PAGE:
The relative importance of myocardial energy metabolism compared with ischemic contracture in the determination of ischemic injury in isolated perfused rabbit hearts.
The mechanical effects of ischemic contracture may be important in the development of irreversible cellular damage as it increases mechanical stress on sarcolemmal membranes and restricts endocardial perfusion. To assess the relative importance of these mechanical effects compared with decreased energy supply in the development of irreversible injury, the effects of inhibiting ischemic contracture with 2,3-butanedione monoxime (BDM), an agent that disrupts excitation-contraction coupling, were delineated in isovolumically contracting isolated rabbit hearts. Administration of 20 mmol/L BDM in 12 hearts subjected to 60 minutes of low-flow ischemia prevented ischemic contracture (left ventricular end-diastolic pressure [LVEDP], 12 +/- 3 compared with 48 +/- 14 mm Hg in 20 control hearts; P < .001), reduced membrane damage (creatine kinase [CK] release, -54% compared with control hearts; P < .05), and enhanced functional recovery during reperfusion (left ventricular developed pressure [LVDP], 86 +/- 10% of baseline compared with 56 +/- 23% in control hearts; P < .01). These observations were not related to increased intracavitary pressure and its effects on flow distribution, since venting the left ventricle in additional hearts did not result in improved function during reperfusion. Although it would be tempting to conclude that BDM protected ischemic myocardium by preventing ischemic contracture, administration of BDM was also associated with reduced depletion of ATP during ischemia, perhaps related to diminished energy demand. To distinguish between the relative importance of inhibiting contracture from provision of adequate energy, the period of ischemia was extended to 120 minutes. BDM still prevented ischemic contracture (LVEDP, 10 +/- 6 mm Hg) and preserved ATP stores, but it did not prevent membrane damage (CK release, 483 +/- 254 U/g dry weight) or contractile failure during reperfusion (LVDP, 68 +/- 7% of baseline). In contrast, increasing the rate of anaerobic glycolysis during ischemia by doubling glucose and insulin in the presence of BDM markedly decreased membrane damage (CK release, 114 +/- 72 U/g dry weight; P < .05) and contractile failure during reperfusion (LVDP, 88 +/- 7% recovery of baseline; P < .01). These results suggest that insufficient energy production is primarily responsible for myocardial ischemic damage, whereas mechanical effects of ischemic contracture appear to play only a minor role.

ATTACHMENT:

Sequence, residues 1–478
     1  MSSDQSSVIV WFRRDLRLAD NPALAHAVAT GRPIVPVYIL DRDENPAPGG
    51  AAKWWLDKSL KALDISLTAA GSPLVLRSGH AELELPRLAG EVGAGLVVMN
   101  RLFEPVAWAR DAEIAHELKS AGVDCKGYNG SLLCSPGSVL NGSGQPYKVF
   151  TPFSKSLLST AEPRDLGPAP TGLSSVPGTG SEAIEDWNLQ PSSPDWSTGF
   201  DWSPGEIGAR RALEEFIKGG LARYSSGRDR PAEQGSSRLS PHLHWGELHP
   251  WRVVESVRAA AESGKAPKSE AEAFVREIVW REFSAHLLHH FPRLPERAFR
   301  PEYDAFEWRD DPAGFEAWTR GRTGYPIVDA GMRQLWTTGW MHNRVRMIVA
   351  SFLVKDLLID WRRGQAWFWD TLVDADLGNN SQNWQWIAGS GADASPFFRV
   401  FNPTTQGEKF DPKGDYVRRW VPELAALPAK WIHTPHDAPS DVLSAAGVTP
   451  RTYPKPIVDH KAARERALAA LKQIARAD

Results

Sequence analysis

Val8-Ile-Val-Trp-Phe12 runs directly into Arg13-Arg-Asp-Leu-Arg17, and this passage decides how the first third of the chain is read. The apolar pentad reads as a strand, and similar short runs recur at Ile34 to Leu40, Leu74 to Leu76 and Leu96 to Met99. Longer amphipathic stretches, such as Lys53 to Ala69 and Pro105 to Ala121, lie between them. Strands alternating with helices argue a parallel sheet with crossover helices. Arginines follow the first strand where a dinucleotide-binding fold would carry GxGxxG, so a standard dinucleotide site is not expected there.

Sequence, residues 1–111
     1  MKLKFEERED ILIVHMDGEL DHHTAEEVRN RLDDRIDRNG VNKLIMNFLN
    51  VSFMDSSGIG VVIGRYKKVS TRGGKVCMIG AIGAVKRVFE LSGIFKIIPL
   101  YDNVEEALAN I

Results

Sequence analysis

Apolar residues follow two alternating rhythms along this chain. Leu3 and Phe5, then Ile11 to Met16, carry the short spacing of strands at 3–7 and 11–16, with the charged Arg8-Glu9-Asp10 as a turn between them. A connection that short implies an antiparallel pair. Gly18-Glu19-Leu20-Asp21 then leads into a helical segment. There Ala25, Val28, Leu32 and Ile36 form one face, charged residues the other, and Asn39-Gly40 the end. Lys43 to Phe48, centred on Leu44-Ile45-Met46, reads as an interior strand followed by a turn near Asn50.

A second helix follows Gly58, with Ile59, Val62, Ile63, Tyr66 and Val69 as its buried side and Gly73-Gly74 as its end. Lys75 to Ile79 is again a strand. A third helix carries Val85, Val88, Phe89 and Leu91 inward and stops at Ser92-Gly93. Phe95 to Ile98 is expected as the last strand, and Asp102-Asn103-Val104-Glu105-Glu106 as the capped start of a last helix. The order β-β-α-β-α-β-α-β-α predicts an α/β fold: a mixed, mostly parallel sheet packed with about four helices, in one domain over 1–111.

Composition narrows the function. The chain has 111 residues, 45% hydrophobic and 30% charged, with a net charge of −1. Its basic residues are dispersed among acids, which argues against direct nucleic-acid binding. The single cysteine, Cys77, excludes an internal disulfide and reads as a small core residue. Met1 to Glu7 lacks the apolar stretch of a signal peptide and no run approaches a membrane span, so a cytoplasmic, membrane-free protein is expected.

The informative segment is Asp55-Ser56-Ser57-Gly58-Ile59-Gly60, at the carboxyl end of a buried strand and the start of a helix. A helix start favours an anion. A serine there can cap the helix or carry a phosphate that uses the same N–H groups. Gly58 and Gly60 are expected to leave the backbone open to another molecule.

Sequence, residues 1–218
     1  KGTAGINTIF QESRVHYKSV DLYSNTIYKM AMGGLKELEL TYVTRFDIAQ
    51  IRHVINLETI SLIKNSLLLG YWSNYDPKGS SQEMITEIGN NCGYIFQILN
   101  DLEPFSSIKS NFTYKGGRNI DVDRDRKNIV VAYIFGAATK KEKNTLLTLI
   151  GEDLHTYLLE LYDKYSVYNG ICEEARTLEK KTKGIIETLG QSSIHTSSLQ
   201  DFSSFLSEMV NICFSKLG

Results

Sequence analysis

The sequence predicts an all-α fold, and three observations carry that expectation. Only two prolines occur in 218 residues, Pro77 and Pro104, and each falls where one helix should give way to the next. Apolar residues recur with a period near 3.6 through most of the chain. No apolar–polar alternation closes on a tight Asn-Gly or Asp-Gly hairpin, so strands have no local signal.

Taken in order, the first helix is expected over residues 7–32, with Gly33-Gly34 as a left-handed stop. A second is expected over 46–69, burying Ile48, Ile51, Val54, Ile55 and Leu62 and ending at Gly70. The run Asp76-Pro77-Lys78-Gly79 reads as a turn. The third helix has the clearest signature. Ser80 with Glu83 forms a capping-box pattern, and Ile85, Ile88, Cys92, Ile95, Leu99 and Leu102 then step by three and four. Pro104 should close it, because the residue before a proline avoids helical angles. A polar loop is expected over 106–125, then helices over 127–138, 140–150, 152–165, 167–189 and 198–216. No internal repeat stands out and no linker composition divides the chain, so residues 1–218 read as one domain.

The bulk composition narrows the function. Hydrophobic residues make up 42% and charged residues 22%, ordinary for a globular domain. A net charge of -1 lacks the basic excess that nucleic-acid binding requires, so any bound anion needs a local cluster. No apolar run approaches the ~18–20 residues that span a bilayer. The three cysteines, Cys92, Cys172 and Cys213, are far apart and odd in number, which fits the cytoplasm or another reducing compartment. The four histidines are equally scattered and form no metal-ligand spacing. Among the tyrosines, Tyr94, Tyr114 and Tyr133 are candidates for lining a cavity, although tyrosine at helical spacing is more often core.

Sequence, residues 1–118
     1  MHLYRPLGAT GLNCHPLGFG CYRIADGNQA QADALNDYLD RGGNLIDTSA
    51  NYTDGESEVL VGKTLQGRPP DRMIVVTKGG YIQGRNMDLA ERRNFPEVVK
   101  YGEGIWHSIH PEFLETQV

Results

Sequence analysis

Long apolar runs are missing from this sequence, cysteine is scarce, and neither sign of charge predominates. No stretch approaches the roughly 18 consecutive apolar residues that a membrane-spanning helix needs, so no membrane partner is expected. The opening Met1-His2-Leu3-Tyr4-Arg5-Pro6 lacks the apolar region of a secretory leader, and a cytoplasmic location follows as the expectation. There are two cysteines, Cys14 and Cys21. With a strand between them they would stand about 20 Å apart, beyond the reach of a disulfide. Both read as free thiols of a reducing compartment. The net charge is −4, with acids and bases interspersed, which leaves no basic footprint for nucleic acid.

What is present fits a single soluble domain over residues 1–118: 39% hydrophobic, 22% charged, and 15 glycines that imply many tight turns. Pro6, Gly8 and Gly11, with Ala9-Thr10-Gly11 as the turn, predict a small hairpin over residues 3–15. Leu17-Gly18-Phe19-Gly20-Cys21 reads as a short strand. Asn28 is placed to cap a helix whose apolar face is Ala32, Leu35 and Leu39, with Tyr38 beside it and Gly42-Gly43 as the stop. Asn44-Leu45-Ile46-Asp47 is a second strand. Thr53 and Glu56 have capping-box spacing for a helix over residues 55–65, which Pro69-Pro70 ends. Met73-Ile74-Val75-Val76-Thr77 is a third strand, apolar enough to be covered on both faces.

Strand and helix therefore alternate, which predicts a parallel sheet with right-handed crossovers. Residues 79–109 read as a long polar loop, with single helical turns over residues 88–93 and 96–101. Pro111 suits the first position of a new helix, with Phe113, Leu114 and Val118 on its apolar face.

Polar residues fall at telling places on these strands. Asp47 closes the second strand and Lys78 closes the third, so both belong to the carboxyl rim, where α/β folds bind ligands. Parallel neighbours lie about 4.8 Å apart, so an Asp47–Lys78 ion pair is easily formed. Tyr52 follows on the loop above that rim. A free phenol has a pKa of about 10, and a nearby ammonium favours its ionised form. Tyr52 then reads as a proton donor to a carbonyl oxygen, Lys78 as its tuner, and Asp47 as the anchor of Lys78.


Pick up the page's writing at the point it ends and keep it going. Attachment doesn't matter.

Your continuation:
- Copyright © 1994 by American Heart Association